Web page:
The Second Amendment of the US Constitution needs to be changed. It was written in the late 18th century where the "...right to bear arms..." held a totally different meaning, although the members of the idiotic NRA will say differently. The whole "...regulated Militia..." argument is really only valid today to Neo-Nazis and marginal groups / gangs who want to overthrow the government.
Wanna leave areal legacy after your presidency, Barrack? Ban guns.
Actually over time the Second Amendment to the US Constitution has been interpreted differently by the Supreme Court of the USA. Here is the clause:
A well regulated militia being necessary to the security of a free state, the right of the people to keep and bear arms shall not be infringed.
Three basic competing models were offered to interpret the Second Amendment:
- The first, known as the "states' rights" or "collective rights" model, was that the Second Amendment did not apply to individuals; rather, it recognized the right of a state to arm its militia.
- The second, known as the "sophisticated collective rights model", held that the Second Amendment recognized some limited individual right. However, this individual right could only be exercised by members of a functioning, organized state militia while actively participating in the organized militia’s activities.
- The third, known as the "standard model", was that the Second Amendment recognized the personal right of individuals to keep and bear arms.
Previously the first two interpretations were advanced but recent SCOTUS decisions have adopted the third individual rights view in District of Columbia v. Heller, (2008); and McDonald v. Chicago (2010).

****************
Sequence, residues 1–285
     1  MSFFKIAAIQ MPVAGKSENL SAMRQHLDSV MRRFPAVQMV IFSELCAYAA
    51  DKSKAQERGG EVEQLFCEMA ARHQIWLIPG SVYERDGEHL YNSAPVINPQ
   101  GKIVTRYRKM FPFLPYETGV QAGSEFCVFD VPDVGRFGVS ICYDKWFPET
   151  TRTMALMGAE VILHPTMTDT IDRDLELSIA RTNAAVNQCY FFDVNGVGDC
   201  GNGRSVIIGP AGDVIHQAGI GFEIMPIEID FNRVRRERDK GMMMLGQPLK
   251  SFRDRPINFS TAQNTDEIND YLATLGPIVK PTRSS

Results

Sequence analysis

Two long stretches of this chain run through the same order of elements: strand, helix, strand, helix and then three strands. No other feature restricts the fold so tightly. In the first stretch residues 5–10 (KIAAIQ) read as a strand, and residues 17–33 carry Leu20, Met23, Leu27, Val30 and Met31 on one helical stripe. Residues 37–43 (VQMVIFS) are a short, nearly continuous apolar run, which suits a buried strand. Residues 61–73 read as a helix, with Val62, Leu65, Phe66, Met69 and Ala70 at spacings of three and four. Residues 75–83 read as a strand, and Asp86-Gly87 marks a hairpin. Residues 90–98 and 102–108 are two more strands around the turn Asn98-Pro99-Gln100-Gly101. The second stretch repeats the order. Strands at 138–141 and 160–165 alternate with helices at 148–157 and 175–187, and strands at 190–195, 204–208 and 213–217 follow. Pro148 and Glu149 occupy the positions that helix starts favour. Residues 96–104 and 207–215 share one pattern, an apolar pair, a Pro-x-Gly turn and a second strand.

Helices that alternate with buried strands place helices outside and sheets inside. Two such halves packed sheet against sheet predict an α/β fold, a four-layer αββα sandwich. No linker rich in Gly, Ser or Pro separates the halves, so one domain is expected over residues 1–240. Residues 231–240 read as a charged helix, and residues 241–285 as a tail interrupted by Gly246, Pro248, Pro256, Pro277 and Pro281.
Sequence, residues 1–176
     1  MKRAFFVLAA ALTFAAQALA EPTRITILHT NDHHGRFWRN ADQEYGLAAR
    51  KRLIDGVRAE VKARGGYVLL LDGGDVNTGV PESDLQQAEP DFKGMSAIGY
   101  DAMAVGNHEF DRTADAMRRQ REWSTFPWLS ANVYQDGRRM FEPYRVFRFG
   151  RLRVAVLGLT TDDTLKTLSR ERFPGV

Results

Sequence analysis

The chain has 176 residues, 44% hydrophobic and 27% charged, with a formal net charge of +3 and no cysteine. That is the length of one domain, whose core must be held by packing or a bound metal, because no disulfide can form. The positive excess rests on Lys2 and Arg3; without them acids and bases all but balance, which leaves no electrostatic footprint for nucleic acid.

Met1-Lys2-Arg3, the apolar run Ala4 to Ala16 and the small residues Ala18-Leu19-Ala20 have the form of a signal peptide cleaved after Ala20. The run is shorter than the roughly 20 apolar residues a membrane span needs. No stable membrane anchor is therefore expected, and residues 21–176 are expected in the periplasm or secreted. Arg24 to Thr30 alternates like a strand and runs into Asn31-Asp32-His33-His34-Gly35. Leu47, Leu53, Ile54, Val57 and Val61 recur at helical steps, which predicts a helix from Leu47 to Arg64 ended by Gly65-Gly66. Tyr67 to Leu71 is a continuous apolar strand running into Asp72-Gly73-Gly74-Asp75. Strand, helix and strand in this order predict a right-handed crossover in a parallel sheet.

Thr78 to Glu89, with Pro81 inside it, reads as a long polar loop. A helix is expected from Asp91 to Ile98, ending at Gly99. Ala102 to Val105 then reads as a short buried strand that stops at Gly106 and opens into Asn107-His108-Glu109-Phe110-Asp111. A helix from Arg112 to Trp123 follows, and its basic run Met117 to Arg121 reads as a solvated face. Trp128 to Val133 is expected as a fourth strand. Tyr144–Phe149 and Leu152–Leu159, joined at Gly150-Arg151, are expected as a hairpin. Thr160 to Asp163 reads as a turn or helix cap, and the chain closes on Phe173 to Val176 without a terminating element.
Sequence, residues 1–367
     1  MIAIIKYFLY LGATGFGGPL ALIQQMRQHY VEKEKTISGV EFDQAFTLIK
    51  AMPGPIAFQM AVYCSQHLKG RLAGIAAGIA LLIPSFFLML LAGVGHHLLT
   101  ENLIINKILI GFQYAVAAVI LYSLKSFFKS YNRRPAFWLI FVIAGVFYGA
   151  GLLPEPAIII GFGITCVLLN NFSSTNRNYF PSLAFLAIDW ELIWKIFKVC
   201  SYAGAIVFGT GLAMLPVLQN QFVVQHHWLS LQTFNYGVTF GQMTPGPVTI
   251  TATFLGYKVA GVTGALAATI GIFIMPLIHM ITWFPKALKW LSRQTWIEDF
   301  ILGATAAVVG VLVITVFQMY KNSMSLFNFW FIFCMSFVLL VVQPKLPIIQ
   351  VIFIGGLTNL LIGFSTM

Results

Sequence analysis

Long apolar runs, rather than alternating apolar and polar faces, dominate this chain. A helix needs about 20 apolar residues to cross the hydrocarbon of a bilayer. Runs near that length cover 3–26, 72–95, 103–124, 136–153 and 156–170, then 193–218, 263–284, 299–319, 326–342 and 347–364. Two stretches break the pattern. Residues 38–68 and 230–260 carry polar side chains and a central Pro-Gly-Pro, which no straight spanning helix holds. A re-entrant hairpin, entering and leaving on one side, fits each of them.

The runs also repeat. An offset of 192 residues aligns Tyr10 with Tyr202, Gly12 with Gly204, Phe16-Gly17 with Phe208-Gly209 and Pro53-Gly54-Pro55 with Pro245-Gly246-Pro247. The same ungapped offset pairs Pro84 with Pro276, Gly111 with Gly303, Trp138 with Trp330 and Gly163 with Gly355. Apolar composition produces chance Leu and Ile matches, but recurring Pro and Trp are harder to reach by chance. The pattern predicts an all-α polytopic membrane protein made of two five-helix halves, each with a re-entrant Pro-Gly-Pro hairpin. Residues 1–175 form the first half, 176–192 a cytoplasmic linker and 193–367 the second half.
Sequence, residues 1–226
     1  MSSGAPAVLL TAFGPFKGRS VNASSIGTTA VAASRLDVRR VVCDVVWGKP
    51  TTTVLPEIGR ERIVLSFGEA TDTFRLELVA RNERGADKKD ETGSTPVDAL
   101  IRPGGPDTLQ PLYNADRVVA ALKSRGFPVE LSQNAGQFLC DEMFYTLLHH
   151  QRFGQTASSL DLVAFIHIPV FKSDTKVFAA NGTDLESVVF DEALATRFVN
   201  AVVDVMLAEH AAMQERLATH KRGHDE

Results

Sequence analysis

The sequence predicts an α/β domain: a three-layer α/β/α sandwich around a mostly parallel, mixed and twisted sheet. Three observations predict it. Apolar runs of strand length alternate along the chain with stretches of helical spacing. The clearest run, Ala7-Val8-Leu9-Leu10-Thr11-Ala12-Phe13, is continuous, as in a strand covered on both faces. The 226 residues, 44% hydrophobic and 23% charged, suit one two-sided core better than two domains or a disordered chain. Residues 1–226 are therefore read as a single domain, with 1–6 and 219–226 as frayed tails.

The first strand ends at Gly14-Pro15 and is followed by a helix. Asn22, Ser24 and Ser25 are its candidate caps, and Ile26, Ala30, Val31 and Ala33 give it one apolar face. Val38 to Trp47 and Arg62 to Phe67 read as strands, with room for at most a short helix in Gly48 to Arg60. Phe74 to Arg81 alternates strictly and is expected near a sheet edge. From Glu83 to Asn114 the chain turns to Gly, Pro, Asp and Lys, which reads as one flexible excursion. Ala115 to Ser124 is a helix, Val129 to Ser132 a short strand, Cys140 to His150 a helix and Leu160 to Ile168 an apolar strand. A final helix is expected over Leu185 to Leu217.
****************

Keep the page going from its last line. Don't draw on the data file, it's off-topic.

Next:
In Heller and McDonald the U.S. Supreme Court supported the individual rights model, under which the Second Amendment protects the right to keep and bear arms much as the First Amendment protects the right to free speech. Under this model the militia is composed of members who supply their own arms and ammunition. This is generally recognized as the method by which U.S. militias have historically been armed.
The signification attributed to the term Militia appears from the debates in the Convention, the history and legislation of Colonies and States, and the writings of approved commentators. These show plainly enough that the Militia comprised all males physically capable of acting in concert for the common defense. 'A body of citizens enrolled for military discipline.' And further, that ordinarily when called for service these men were expected to appear bearing arms supplied by themselves and of the kind in common use at the time.
Of the collective rights model that holds that the right to arms is based on militia membership, the U.S. Supreme Court, in Heller, had this to say:
A purposive qualifying phrase that contradicts the word or phrase it modifies is unknown this side of the looking glass (except, apparently, in some courses on Linguistics). If “bear arms” means, as we think, simply the carrying of arms, a modifier can limit the purpose of the carriage (“for the purpose of self-defense” or “to make war against the King”). But if “bear arms” means, as the petitioners and the dissent think, the carrying of arms only for military purposes, one simply cannot add “for the purpose of killing game.” The right “to carry arms in the militia for the purpose of killing game” is worthy of the mad hatter.